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THE sky is purple and the wind is fierce on top of the cliff. David Burney has to shout as he explains what we're looking at. Below us is the Makauwahi Cave, which contains the remains of plants and animals going back thousands of years. It is revealing what the Hawaiian island of Kauai was like before people arrived. Here you can find the bones of moa-nalo, the giant flightless ducks that once ruled Hawaii.
Extinct long-tusked elephants, rhinos and other giant plant-eaters may have landscaped prehistoric Europe into a mixture of open park-like spaces and clumps of forests, until humans came on the scene, new research finds.
WASHINGTON — Trilobites may be the archetypal fossils, symbols of an archaic world long swept beneath the ruthless road grader of time. But we should all look so jaunty after half a billion years.
An archaeologist says he discovered nine tiny scrolls with biblical text from the Qumran caves where the Dead Sea Scrolls were unearthed, according to news reports.
We humans like to think of ourselves as unique for many reasons, not least of which being our ability to communicate with words. But ground-breaking research by an expert from the University of New England shows that our ‘misunderstood cousins,’ the Neanderthals, may well have spoken in languages not dissimilar to the ones we use today.
Researchers have found evidence to suggest that Neanderthals may have spoken languages not too different from ones currently used by humans.
Hominins and their closest living relative, chimpanzees, diverged approximately 6.5 million years ago on African continent. Fossil evidence suggests hominins have migrated away from Africa at least twice since then. Crania of the first wave of migrants, such as Neanderthals in Europe and Peking Man in East Asia, show distinct morphological features that are different from contemporary humans (also known as Homo sapiens sapiens).
French scientists said Monday they had revived a giant but harmless virus that had been locked in the Siberian permafrost for more than 30,000 years.
A new way of measuring how much light a plant can tolerate could be useful in growing crops resilient to a changing climate, according to scientists from Queen Mary University of London.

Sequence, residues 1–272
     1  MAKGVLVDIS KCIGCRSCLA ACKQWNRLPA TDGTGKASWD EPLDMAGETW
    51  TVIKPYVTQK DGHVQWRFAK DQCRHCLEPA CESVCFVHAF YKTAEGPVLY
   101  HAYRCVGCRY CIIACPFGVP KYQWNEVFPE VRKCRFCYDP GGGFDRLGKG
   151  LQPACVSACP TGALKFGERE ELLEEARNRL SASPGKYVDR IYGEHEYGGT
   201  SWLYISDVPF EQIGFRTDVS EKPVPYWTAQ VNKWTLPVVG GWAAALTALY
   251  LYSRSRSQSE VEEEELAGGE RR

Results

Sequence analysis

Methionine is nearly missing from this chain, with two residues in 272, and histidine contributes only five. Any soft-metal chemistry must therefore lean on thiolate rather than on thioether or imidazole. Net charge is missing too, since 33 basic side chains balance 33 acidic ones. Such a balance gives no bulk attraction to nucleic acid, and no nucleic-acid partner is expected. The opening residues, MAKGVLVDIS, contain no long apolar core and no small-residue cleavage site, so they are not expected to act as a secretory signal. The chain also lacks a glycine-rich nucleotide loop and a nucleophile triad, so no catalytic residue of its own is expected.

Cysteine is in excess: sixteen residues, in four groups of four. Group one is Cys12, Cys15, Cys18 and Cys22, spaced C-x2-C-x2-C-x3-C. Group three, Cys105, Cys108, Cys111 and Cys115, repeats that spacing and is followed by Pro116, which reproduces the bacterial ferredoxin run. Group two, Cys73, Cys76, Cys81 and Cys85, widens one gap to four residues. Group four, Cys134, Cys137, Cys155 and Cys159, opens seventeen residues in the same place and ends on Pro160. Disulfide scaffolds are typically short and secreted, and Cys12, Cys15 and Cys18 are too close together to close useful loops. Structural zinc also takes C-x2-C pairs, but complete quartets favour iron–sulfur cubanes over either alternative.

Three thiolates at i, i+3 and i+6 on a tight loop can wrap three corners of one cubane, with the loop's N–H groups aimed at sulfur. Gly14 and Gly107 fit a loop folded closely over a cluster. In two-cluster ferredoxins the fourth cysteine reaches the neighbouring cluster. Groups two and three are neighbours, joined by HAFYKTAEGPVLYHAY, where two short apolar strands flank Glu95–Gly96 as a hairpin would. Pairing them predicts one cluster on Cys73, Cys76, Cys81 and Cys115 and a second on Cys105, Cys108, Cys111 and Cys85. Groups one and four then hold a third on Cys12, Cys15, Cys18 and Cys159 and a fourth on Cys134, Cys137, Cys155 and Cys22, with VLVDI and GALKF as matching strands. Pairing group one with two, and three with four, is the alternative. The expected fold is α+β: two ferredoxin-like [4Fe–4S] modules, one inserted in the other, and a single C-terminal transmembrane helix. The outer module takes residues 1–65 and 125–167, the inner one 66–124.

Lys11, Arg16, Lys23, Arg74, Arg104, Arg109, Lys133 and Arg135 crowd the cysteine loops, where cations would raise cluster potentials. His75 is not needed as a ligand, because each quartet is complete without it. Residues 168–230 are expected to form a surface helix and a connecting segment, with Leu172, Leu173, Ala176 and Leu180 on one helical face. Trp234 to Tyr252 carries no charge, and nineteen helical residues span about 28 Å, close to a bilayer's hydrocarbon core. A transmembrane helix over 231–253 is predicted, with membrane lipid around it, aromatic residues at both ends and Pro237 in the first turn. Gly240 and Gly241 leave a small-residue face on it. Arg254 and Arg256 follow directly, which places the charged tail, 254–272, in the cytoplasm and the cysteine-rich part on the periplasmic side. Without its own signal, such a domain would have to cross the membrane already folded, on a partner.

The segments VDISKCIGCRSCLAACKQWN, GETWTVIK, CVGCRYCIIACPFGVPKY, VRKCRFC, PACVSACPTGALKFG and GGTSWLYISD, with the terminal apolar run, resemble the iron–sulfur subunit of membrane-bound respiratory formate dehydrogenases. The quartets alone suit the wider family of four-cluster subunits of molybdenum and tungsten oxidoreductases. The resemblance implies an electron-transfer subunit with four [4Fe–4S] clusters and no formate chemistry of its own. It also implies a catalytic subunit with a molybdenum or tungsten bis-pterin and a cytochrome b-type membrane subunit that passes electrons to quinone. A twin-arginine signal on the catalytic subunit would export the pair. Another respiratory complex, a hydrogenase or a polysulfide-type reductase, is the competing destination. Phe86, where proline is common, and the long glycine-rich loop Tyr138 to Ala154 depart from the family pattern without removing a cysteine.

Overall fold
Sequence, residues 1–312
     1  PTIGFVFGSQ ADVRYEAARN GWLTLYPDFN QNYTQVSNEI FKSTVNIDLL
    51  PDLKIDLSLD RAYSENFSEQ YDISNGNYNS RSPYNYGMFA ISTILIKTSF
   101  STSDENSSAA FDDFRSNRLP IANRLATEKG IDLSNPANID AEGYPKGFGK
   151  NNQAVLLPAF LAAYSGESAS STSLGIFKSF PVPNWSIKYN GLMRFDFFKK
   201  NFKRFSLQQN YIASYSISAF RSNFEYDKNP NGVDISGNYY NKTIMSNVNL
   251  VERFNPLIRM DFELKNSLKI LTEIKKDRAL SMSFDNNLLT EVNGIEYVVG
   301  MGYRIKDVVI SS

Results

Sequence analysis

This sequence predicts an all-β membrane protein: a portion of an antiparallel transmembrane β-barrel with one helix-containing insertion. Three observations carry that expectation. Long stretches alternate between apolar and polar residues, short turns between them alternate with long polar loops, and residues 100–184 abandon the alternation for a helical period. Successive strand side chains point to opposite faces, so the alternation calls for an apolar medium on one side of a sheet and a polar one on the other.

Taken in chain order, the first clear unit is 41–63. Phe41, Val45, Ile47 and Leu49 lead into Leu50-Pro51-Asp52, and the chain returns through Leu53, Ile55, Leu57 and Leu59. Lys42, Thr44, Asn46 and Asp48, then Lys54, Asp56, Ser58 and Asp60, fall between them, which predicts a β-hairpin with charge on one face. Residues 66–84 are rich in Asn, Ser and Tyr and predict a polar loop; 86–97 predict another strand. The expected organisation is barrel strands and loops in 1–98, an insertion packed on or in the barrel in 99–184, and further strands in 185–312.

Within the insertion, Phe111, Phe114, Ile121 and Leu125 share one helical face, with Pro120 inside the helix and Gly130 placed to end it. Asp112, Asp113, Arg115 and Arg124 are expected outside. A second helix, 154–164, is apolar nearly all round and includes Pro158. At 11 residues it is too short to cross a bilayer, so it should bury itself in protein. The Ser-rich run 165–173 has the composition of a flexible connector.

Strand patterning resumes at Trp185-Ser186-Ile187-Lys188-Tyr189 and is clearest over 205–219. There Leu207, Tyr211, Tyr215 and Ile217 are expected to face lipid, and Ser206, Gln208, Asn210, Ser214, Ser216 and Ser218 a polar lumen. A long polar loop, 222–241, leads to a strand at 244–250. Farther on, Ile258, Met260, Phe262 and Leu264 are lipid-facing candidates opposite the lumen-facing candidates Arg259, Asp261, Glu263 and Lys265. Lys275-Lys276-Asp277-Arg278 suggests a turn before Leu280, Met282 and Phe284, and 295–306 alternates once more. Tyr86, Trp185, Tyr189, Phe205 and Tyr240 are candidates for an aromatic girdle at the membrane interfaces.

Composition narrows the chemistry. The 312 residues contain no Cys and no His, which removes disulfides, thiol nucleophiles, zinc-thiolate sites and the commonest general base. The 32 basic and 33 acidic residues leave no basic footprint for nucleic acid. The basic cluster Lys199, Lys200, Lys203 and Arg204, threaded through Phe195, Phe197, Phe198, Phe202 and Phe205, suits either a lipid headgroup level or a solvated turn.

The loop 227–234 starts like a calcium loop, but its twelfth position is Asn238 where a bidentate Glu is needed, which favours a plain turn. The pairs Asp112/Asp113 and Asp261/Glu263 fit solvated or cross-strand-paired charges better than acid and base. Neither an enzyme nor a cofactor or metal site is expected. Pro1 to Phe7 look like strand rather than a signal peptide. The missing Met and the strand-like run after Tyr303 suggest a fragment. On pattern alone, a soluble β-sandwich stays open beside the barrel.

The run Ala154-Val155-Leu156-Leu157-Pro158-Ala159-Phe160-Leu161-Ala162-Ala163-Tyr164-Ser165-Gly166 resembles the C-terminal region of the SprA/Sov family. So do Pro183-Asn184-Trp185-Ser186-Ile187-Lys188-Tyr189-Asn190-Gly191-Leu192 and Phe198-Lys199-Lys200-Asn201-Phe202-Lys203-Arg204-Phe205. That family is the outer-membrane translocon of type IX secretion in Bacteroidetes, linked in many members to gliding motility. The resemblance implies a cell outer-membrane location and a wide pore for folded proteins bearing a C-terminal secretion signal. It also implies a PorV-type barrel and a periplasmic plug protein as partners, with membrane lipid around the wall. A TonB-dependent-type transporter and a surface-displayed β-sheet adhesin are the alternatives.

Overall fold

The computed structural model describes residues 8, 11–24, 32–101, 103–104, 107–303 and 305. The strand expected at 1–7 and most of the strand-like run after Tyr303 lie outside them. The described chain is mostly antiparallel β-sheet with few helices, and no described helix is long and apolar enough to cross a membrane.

A "live fast, die young" life history strategy could have been a key factor behind today's high tree diversity in the Amazon, scientists have suggested.
Precious Metals vs. Precious Life: Destruction of the Amazon by Sergey Baranov
Sky Cults and UFO Encounters in Ancient Egypt by Xaviant Haze
How to visit Ancient Sites - Mindfulness & Meditation by Gary Evans
The Connection of Fractals, Sound and the Solar System by David Carr
Behold the mighty mushroom. Neither plant nor animal, the mysterious fungus is a class, or kingdom, of its own, and has fascinated cultures around the world for centuries. But while they do make a tasty omelette filling, does the real magic of mushrooms lie not in their flavour, but in their potential to combat one of our biggest killers – cancer?
In an advance for HIV vaccine research, a scientific team has discovered how the immune system makes a powerful antibody that blocks HIV infection of cells by targeting a site on the virus called V1V2. Many researchers believe that if a vaccine could elicit potent antibodies to a specific conserved site in the V1V2 region, one of a handful of sites that remains constant on the fast-mutating virus, then the vaccine could protect people from HIV infection.
Doctors at Great Ormond Street Hospital in London are aiming to reconstruct people's faces with stem cells taken from their fat.
In the Marvel Comic Daredevil our eponymous hero is the victim of a radioactive spill, leaving him blind but also with an extraordinary heightening of his other senses, particularly hearing.
Women are able to carry higher levels of genetic defects without getting brain development disorders such as autism, supporting the possibility of a "female protective effect," finds a new study.
Each night at dinnertime, a familiar ritual played out in Michael Green's home: He'd slide a stainless steel sippy cup across the table to his two-year-old daughter, Juliette, and she'd howl for the pink plastic one. Often, Green gave in. But he had a nagging feeling. As an environmental-health advocate, he had fought to rid sippy cups and baby bottles of the common plastic additive bisphenol A (BPA), which mimics the hormone estrogen and has been linked to a long list of serious health problems.
Climbers scaling Mount Everest will have to bring back eight kilograms (17.6 pounds) of garbage under new rules designed to clean up the world's highest peak, a Nepalese official said Monday.
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